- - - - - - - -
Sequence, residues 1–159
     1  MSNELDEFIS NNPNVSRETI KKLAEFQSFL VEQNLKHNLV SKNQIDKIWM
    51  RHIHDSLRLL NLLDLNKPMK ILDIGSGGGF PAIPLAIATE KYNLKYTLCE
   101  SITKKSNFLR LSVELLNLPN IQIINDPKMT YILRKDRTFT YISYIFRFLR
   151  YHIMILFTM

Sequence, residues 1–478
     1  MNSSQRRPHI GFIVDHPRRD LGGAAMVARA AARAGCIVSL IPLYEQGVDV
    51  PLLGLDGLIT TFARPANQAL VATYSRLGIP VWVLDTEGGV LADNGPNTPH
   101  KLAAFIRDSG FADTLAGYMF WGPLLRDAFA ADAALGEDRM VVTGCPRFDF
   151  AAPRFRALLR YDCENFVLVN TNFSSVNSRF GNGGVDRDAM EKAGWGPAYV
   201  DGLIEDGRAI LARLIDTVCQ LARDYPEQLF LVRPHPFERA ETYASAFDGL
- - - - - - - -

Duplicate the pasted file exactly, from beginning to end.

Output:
Sequence, residues 1–159
     1  MSNELDEFIS NNPNVSRETI KKLAEFQSFL VEQNLKHNLV SKNQIDKIWM
    51  RHIHDSLRLL NLLDLNKPMK ILDIGSGGGF PAIPLAIATE KYNLKYTLCE
   101  SITKKSNFLR LSVELLNLPN IQIINDPKMT YILRKDRTFT YISYIFRFLR
   151  YHIMILFTM

Sequence, residues 1–478
     1  MNSSQRRPHI GFIVDHPRRD LGGAAMVARA AARAGCIVSL IPLYEQGVDV
    51  PLLGLDGLIT TFARPANQAL VATYSRLGIP VWVLDTEGGV LADNGPNTPH
   101  KLAAFIRDSG FADTLAGYMF WGPLLRDAFA ADAALGEDRM VVTGCPRFDF
   151  AAPRFRALLR YDCENFVLVN TNFSSVNSRF GNGGVDRDAM EKAGWGPAYV
   201  DGLIEDGRAI LARLIDTVCQ LARDYPEQLF LVRPHPFERA ETYASAFDGL